FYI

Relaunch invites seniors to "Spring Into Good Health" on first day of spring

Broward County Parks and Recreation Division and the Health Foundation of South Florida (HFSF) will bring the free program Walk With Ease, for ages 55 and up, back to five Broward County park sites (listed below).

The program, which was first held in County parks in 2012, will get under way again from 9 to 11 a.m. on Thursday, March 20 (the first day of spring). This evidence-based program encourages older adults to start walking for their health. Attendees at the kickoff will have an opportunity to register and learn more about the program, which this year takes the theme “Spring Into Good Health.”

During March, the Broward County Purchasing Division joins other professional associations participating in Purchasing Month, taking advantage of the national observance to inform the local community about the important role that the municipal purchasing profession plays by producing transparency and saving taxpayer money.

Throughout the month, residents, vendors and potential vendors are encouraged to visit an informative display in the lobby of the Governmental Center, 115 S. Andrews Ave., Fort Lauderdale.

Broward County is the first county government in the United States to achieve a four-star certification under the Sustainability Tools For Assessing & Rating (STAR) Communities, recognized for “national excellence” in community sustainability.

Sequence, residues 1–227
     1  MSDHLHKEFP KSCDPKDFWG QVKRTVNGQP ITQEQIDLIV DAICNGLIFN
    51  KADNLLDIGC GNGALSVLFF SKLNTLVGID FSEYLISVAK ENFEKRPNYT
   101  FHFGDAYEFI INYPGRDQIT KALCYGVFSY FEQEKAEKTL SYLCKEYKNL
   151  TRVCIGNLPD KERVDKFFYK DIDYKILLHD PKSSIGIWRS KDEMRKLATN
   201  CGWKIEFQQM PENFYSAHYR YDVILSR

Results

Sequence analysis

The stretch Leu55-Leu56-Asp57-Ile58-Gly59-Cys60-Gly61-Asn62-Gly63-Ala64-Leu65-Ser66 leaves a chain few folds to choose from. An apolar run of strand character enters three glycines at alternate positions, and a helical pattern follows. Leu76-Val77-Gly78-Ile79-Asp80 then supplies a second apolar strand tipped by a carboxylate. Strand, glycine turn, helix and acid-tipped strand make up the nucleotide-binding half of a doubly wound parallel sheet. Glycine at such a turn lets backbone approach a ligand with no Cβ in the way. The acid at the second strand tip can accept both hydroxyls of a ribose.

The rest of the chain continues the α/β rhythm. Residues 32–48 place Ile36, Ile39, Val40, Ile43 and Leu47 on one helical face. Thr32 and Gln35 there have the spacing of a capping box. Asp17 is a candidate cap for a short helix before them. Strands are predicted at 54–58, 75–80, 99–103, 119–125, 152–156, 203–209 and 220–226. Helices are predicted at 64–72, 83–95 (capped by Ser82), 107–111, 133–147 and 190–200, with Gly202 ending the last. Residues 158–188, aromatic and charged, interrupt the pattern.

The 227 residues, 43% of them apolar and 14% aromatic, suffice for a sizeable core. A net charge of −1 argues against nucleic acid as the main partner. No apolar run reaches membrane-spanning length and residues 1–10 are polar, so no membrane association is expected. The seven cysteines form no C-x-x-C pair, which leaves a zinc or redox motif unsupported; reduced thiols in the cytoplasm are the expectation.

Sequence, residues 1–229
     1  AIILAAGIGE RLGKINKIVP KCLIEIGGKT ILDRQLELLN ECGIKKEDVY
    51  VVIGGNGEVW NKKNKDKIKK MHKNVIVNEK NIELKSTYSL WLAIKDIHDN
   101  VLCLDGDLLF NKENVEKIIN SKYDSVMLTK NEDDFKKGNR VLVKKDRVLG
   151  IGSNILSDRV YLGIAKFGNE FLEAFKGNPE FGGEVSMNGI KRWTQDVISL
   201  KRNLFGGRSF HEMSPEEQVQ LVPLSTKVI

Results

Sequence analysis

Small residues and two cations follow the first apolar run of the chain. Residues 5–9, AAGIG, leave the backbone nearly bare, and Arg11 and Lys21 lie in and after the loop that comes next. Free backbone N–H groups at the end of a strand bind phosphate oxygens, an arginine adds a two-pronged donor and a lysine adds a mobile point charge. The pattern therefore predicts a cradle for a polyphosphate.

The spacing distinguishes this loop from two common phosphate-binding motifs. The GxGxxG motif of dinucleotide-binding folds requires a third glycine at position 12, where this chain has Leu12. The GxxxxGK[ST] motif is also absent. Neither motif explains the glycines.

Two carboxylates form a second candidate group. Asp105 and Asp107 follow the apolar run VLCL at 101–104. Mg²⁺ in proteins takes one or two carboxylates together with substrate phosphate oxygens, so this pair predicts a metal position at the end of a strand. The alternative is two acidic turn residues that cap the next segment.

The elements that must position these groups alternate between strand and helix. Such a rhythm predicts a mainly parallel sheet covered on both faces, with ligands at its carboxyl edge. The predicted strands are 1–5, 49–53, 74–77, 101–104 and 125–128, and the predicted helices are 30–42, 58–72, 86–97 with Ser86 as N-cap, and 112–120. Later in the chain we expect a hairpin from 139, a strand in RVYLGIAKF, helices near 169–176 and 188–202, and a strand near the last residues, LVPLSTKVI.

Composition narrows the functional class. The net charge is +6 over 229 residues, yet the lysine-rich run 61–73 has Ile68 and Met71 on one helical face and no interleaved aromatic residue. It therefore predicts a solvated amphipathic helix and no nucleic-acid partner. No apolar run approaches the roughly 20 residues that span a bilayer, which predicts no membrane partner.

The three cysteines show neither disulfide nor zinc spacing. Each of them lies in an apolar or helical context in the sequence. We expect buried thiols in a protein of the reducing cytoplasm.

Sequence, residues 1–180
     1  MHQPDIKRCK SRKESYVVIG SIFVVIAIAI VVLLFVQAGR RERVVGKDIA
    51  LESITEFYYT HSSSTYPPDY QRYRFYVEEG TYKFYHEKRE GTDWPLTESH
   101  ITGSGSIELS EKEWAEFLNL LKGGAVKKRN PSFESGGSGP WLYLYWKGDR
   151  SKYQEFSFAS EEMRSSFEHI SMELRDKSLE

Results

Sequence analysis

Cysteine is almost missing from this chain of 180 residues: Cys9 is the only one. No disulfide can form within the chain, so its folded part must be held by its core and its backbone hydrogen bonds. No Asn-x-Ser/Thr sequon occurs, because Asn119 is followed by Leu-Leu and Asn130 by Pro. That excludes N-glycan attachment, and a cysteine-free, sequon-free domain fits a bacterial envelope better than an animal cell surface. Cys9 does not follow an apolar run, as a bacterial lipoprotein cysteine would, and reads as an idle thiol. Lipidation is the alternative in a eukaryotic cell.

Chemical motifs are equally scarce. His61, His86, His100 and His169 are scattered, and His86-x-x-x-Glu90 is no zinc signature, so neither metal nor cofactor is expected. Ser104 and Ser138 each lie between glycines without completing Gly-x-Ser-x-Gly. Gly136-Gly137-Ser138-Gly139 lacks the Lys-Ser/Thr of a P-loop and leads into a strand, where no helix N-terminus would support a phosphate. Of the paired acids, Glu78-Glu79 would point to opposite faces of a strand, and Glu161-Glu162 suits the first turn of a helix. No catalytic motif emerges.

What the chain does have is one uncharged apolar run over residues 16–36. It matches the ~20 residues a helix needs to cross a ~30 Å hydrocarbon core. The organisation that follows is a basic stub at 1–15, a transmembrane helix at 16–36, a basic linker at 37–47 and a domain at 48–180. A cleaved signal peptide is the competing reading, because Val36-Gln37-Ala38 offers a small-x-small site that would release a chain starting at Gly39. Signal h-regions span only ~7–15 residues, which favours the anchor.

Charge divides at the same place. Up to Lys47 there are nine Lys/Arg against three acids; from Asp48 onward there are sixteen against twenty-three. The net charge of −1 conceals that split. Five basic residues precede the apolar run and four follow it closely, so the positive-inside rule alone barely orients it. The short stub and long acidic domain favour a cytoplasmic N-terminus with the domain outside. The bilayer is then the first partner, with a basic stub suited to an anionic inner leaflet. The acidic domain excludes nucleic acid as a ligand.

The County’s Natural Resources Planning and Management Division led the community-wide effort to collect and analyze data from more than 30 different County departments and community partners on more than 500 initiatives across seven categories: Built Environment; Climate and Energy; Economy and Jobs; Education, Arts and Community; Equality and Empowerement; Health and Safety; and Natural Systems.

This Weekend Change Your Clock, Change Your Batteries

Miami-Dade Fire Rescue (MDFR) urges residents to change the batteries in their smoke alarms when clocks “spring forward” this Sunday, March 9, 2014. Although 92 percent of American homes have smoke alarms, non-working smoke alarms contribute to many of the estimated 3,600 deaths and 19,000 injuries caused each year by home fires. Nationally, the most widespread cause of inoperable smoke alarms is worn or missing batteries.

The most common cause of a failing smoke alarm is a missing, dead or disconnected battery. A working smoke alarm can reduce the risk of dying in a home fire by approximately 50 percent, but it is estimated that one-third of them don’t work. Properly working smoke alarms provide an early warning of fire and extra time to escape it.

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